My husband Marc and I decided to celebrate the start 2017 by starting a new long distance walk. We chose the North Downs Way from Farnham to Dover as it is pretty easy to get to from London BUT far enough away to escape the pollution of the city. I bought the official national trail guide by Colin Saunders as it contains maps and information about the entire route. This was far cheaper than buying several ordinance survey maps for each section…
We began on a frosty morning in January by taking the train to Farnham. It was a gorgeous day, but a bit chilly. The walk starts next to the A31, which was very busy and pretty stinky when we wandered past. In any case it is only a few steps before you turn off into the countryside walking past a farm and along the river Wey.
One of the first things you see near Farnham is the North Downs Way seat (there is one here, and another at the end of the walk in Dover.) The back of the seat shows a bee orchid, and along the edge it says that we have 153 mile to Dover…so we better get going!
Most of this section of the walk passes through different kinds of forest or woods. It is incredibly relaxing and pretty, even in the middle of winter.
Next, you’ll wander past a golf club. On our trip there were quite a few men up on the green even though it was a weekday! This is followed by pretty farmland. Our map said this is all Binton Farm.
Next we made it to the fairy tree in the woods at the edge of the Hampton Estate. Someone has even added a fairy to the tree along with an assortment of other knick-knacks.
Presently we made it up to see the beautiful views of the hogs back.
The views were lovely, although the traffic from the A31 was a little noisy, like a low-level “rawr” in the background. It just kept droning on as we enjoyed the views. We didn’t see many benches on this walk, so we made use of some posts to sit down and munch our sandwiches.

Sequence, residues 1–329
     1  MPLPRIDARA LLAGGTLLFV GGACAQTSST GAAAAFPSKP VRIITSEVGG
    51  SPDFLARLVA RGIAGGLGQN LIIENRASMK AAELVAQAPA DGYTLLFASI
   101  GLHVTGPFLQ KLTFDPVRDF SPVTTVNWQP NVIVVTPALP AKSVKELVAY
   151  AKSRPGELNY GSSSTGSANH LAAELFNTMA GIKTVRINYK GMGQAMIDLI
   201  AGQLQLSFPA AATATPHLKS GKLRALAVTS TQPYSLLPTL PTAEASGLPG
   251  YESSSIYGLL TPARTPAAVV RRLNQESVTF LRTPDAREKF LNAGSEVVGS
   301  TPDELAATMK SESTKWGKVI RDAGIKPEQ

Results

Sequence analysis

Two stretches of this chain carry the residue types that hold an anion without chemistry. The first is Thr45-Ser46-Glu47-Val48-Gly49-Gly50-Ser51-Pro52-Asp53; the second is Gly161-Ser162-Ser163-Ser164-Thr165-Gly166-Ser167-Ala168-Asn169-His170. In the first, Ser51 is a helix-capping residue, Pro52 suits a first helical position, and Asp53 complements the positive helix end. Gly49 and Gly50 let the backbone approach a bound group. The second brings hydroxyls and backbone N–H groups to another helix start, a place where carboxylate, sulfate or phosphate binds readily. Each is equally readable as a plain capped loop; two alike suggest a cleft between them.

Next we reached the village of Puttenhan with it’s pretty church.
After walking through the village you’ll have to walk down a busy stretch of road outside Puttenham (B3000). However once you’re back on the path, there is an easy stretch to wander along, with ever-changing woodlands and farmland. It is all lovely, especially on such a cold day when you could see the ombre-frosted fields through the trees. This whole section slopes upwards gently, so by the end of the sandy trail, you get to look down to Guildford and the surrounding countryside.
The last section is an easy walk down towards Guildford arriving back by the river Wey. We arrived just as the sun began to set, so Guildford looked golden and beautiful. The final walk along the river was incredibly muddy, so if you plan to use this route in winter, be prepared to muddy your boots!
Lastly, when you finish walk, it is very easy to jump onto a speedy train back to London from Guildford.
You can read about the other sections of the North Downs Way here.